Black and white photo of Maxine Campion, Clinical Psychologist

I became a Clinical Psychologist to understand why we do or feel things that don’t seem to make sense. I’ve spent over 15 years studying this and my aim is to relate what I’ve learned to your experiences – together, we can start making some sense of the nonsensical. In so doing, you can start feeling better and more able to make the changes you want to see in your life. Click this link to find out more about who I work with.

I believe that, given the right environment, we are all capable of living rich and meaningful lives. However, sometimes things get in the way of our ability to listen to ourselves and hear what we need. We find our situations and surroundings making us miserable, rather than filling us with joy and vitality.

I cannot know what is right for you, only you can. Therefore, my approach is to work in partnership with you. Together, we can relate psychology to your experiences in order to make sense of what is happening for you.

What is a Clinical Psychologist?

Clinical Psychologists have spent at least six year studying psychology and are Doctors of Clinical Psychology.

Psychology is the study of mind, thoughts and thinking, feelings and moods, behaviour and motivation, perception and reasoning. Clinical Psychologists learn to use psychology to make sense of human experiences of distress, ‘challenging’ behaviour and mental health problems.

Clinical Psychologists have trained in a variety of evidence-based models, and have high standards for continuing professional development. Our qualification and title is also regulated by the Health and Care Professions Council. Therefore, you can be sure that you are receiving appropriate, ethical and safe care.

If you want to know the difference between Clinical Psychologists and other therapists, please visit the Questions page.

Qualifications and Registrations
  • First Class Honours BSc in Psychology from The University of York
  • Doctorate in Clinical Psychology from The University of Hull
  • Registration with the Health and Care Professionals Council (HCPC)
  • Dyadic Development Practice (Level 2)
  • Adolescent Mentalisation-Based Integrative Therapy
  • Foundation Course in Dance Movement Psychotherapy (University of Roehampton)
  • Eye Movement Desensitisation and Reprocessing (EMDR) from EMDR Masterclass

Over the last 10 years, I have worked in a range of settings with people experiencing varying degrees and types of difficulties. Within the NHS, I have worked with adults, children and adolescents, both in the community and within in-patient settings. I have also worked within a Social Care team and a school. Additionally, I have consulted to schools, hospitals, forensic units and residential care homes.

The people I have worked with have included:

  • People who know what changes they would like to see in their lives and are finding it difficult to act
  • Individuals who have a sense that things aren’t OK, but are unsure why this is or how to change. This might include feeling flat, numb, sad, angry, stressed or anxious
  • People who have experienced trauma or abuse in childhood or adulthood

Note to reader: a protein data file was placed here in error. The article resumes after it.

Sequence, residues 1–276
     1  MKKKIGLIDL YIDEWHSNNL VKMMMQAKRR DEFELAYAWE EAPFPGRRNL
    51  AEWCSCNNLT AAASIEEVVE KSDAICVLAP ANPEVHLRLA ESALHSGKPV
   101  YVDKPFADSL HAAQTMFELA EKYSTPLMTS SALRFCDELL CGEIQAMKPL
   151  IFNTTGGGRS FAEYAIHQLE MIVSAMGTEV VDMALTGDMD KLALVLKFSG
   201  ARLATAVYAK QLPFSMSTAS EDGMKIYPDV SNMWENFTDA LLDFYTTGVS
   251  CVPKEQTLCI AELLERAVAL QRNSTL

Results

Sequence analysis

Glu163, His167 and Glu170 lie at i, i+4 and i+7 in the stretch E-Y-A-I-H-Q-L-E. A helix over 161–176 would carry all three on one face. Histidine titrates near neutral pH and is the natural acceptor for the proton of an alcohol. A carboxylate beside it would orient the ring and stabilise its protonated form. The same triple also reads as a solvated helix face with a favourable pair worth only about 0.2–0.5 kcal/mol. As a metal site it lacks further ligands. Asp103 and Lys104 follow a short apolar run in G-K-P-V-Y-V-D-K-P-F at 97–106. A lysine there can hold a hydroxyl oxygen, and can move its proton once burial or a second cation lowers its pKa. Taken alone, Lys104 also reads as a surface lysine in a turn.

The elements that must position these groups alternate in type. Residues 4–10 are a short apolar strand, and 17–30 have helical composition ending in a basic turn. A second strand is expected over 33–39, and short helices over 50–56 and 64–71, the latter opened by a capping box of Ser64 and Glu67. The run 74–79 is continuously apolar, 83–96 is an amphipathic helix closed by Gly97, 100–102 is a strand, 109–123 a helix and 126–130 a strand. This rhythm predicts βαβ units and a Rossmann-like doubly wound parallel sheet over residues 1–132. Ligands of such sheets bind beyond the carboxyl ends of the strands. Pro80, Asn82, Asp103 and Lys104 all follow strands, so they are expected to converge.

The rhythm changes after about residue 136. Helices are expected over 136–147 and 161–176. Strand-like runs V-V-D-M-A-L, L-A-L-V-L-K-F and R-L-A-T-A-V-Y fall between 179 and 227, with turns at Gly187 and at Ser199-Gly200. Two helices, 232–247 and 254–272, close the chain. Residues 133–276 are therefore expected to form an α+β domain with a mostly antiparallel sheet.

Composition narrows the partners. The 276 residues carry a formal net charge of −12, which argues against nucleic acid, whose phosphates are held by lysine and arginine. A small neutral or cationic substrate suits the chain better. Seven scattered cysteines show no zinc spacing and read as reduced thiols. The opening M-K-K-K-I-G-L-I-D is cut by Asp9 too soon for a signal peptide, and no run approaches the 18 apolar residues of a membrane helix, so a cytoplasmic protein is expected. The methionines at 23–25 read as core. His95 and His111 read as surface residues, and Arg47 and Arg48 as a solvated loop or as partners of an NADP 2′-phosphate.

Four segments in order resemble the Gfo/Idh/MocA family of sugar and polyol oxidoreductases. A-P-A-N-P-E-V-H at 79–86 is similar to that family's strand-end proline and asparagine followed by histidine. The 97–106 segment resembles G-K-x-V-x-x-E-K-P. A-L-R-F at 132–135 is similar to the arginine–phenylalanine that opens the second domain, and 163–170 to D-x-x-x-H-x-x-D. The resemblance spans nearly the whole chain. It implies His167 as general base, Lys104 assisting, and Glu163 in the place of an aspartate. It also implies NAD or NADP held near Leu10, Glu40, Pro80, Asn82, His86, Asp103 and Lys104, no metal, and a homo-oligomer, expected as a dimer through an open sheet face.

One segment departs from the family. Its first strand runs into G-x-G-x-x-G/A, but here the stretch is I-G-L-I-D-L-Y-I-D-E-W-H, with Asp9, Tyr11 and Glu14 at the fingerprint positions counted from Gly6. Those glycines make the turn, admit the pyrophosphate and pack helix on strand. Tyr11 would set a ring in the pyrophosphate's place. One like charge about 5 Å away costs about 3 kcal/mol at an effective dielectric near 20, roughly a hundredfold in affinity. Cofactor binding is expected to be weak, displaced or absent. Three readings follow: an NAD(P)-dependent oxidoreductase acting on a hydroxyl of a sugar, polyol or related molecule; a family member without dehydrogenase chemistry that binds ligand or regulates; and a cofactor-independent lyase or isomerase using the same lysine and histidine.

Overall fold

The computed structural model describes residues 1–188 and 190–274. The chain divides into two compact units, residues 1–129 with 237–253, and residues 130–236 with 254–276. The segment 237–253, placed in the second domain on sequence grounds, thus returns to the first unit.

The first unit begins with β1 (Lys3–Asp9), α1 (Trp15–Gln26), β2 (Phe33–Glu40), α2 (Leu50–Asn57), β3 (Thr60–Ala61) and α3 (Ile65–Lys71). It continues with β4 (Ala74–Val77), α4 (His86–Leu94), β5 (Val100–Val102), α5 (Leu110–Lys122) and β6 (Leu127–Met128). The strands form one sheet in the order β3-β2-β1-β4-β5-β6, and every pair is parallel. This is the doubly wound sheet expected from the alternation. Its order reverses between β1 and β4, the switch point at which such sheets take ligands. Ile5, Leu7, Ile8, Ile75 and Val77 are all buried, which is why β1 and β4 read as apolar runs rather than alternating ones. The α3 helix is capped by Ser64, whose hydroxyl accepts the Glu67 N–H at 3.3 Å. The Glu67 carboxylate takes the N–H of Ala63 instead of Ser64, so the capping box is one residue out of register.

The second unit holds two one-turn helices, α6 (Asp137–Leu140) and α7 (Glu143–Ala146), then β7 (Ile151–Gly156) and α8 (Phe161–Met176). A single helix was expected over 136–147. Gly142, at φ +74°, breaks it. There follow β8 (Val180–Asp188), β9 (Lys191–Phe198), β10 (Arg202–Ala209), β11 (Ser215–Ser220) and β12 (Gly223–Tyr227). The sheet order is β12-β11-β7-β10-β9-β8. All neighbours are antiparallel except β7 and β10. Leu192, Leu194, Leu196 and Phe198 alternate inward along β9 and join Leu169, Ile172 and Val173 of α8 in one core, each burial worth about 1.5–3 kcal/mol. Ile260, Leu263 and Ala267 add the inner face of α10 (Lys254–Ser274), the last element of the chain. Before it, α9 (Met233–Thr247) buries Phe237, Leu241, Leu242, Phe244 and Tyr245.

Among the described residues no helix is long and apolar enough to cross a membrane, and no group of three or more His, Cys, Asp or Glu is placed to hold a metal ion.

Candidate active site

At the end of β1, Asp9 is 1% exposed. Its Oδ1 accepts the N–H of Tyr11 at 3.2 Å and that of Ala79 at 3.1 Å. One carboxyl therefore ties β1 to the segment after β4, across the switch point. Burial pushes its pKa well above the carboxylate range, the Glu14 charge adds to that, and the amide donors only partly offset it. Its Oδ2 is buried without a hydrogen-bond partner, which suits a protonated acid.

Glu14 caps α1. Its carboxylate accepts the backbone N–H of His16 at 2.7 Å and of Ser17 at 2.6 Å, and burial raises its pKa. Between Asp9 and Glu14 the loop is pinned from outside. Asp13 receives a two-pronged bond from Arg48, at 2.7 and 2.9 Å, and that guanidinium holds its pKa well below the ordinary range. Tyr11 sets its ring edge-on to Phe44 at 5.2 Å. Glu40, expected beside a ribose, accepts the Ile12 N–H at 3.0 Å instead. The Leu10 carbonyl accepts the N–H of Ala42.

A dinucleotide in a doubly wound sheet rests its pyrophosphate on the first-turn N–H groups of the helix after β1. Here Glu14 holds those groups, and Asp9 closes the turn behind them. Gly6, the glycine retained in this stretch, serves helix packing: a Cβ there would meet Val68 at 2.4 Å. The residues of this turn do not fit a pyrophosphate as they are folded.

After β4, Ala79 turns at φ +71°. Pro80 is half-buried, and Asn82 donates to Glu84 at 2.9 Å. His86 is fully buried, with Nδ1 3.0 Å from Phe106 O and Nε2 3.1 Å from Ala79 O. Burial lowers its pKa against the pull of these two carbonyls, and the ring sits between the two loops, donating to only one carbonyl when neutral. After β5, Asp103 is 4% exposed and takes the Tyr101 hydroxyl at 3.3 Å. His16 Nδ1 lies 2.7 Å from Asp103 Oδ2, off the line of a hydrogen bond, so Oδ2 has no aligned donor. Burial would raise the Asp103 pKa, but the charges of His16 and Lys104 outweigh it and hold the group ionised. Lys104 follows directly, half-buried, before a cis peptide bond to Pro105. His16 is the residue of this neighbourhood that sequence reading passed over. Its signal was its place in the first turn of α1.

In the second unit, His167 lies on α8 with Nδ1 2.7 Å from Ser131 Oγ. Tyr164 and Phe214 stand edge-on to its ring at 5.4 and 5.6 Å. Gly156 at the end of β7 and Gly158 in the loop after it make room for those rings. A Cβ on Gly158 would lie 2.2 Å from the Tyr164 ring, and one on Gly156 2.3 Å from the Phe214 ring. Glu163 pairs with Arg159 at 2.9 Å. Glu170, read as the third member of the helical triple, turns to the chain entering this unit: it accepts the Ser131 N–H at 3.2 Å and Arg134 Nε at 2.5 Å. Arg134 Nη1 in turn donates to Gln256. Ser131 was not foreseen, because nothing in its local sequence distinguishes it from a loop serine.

• Parents who are finding it difficult to understand or manage their child’s behaviour
  • Families who want to create easier means of communicating with each other
  • Parents and carers of children who have experienced some form of trauma or abuse
  • Families with children and young people who behave aggressively, who seem withdrawn or who don’t seem themselves
  • Children who have been adopted, looked after or are living with a friend or relative

If you’re not sure whether any of the above descriptions fit with you, and you’d like to find out more, do ask me.

My approach to our work together

I have worked with people and families from a range of backgrounds, who have their own unique experiences. As such, I am curious and open-minded about everybody I meet, in order to hear and understand their stories, rather than imposing my own judgements or labels.

I aim to work with you, to create an understanding of your experiences and to begin to make sense of what is going on. Together, we will develop a picture that considers:

  • Your experiences
  • The effect of your experiences
  • What sense you made of your what happened
  • What you had to do to keep yourself going

These experiences could be anything from loss or separation, to trauma or abuse. They might seem big and obvious in your life story or they might seem insignificant. Equally, you might not be able to think of anything that has ‘happened to you’. That’s OK too. We work with what makes sense to you.

As well as understanding how your difficulties came to be, we can aim to think about what might work in order to shift and change some of this.

Therapeutic models that inform my work

My work is largely relational – that is, we work together to think about your relationships with yourself and other people, as well as things that are not people. For example, we might think about your relationship with food, your body, your phone, games, alcohol or with actions like exercise, self-harm, eating. I tend to find that there are patterns that repeat across these areas and we work together to make sense of these and shift relationship patterns that don’t feel helpful.

I draw upon psychodynamic, developmental, humanistic and systemic thinking to inform my approach. These ideas offer ways of making sense of what is might be on. From there, I draw upon techniques from a range of therapeutic models, including: